PIP: Do benefit investigators watch your house when you receive PIP?
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BENEFITS fraud is a criminal offence. In the last year the Government overpaid £4.6 billion on benefits, and most of this is a consequence of fraud. How does the Government find out if you are committing benefit fraud?
Personal Independence Payment (PIP) is a benefit for those with disabilities or long-term ill health. If your health improves and you are no longer entitled to the benefits, you are committing benefits fraud. Between 2018 and 2019, £330 million was overpaid by the Government to PIP claimants. While most of this overpayment is down to claimant error and official error, there have been incidents of PIP fraud. Universal Credit is a more likely target for fraudsters.
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Do investigators watch your house when you receive PIP?
If you claim benefits that you’re not entitled to on purpose, you’re committing benefit fraud.
To claim PIP, you must be aged 16 or over but less than State Pension age, and you must also have a specific health condition or disability.
This condition or disability must prevent you from going about your daily life as normal or stop you from getting around– for at least three months.
If you provided false information and lied in order to get PIP, this is benefit fraud.
If you rightfully claim PIP but something changes that means you are no longer entitled to the benefit, you must contact the PIP enquiry line.
Changes of circumstances include:
- your personal details change, for example your name, address or doctor
- the help you need or your condition changes
- your condition has worsened and you’re not expected to live more than 6 months
- you go into hospital or a care home
- you go abroad
- you’re imprisoned or held in detention
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If you do not report a change in your circumstances, this might be benefit fraud.
You could be taken to court or you may have to pay a penalty if you don’t report these changes, or if you give false information.
The Department for Work and Pensions, local authorities, and HM Revenue and Customers will investigate you if they suspect fraud.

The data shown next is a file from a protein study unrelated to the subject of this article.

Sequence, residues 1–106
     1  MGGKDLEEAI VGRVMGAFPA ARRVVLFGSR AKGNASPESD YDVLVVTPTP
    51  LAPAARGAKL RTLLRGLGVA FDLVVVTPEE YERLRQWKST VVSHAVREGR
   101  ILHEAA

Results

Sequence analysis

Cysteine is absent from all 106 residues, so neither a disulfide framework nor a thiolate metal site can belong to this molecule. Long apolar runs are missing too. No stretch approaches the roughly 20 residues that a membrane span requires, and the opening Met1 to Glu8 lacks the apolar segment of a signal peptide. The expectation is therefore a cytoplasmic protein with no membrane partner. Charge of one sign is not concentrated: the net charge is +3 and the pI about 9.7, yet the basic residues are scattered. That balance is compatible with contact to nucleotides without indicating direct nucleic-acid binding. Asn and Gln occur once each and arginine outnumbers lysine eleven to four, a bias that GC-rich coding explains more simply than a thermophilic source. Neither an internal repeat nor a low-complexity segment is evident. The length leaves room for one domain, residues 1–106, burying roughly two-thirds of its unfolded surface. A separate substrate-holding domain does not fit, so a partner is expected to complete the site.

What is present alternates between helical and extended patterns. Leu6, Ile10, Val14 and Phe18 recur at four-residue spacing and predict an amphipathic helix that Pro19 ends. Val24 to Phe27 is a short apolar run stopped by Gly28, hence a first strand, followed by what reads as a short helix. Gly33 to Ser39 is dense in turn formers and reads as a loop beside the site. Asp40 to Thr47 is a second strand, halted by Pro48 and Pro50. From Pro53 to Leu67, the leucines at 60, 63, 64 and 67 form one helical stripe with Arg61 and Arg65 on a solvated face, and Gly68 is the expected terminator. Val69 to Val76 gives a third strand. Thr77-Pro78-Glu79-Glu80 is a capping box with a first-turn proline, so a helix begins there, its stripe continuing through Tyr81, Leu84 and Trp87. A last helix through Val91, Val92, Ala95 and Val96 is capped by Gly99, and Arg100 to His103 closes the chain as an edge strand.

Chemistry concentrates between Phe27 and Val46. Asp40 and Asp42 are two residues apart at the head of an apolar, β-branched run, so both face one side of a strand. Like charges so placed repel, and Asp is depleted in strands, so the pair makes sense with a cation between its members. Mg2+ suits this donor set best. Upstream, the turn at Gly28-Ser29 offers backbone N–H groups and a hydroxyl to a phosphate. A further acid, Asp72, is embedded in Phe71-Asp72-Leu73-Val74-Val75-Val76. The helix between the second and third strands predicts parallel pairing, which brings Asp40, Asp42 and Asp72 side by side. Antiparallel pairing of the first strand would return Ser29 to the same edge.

The authorities even have the right to enter your place of work as part of an investigation.
Do benefit investigators watch your house?
According to Stuart Miller Solicitors, benefits investigators might watch your house.
They are allowed to wait outside your home in a car and watch to see who is entering and exiting the property.
For example, you might be claiming PIP due to a disability that causes physical impairment and means you are unable to work.
The investigators could wait outside your home if they suspect you are actually able-bodied.
If they say you walking with ease and attending work on a regular basis, that is evidence against you.
The investigator may visit you as much as they like or see fit.
As part of the investigation, you may be ‘interviewed under caution’.
They are called this because you are under a police caution throughout the interview.
During the interview, you’ll need to talk about why you claim the benefits in question and justify why you need them.
After a series of personal questions are asked, the investigators will make a decision.
You could be prosecuted, given a formal caution, or even let off.
You must be prosecuted within three months of the date from which there was sufficient evidence to prosecute or twelve months from the date of your offence, whichever is later.
If you are prosecuted and then convicted in court, you may be fined or sent to prison.
The maximum penalty if you are convicted for false representation is a £5,000 fine, three months imprisonment or both.
The maximum penalty if convicted for dishonest representation is a £5,000 fine, six months imprisonment (12 months in Scotland) or both.
If you are convicted in a higher court with more sentencing power, you can receive an unlimited fine or seven years in prison or both.
Sometimes people are offered a civil penalty as an alternative to prosecution, or the proceedings may be dropped.
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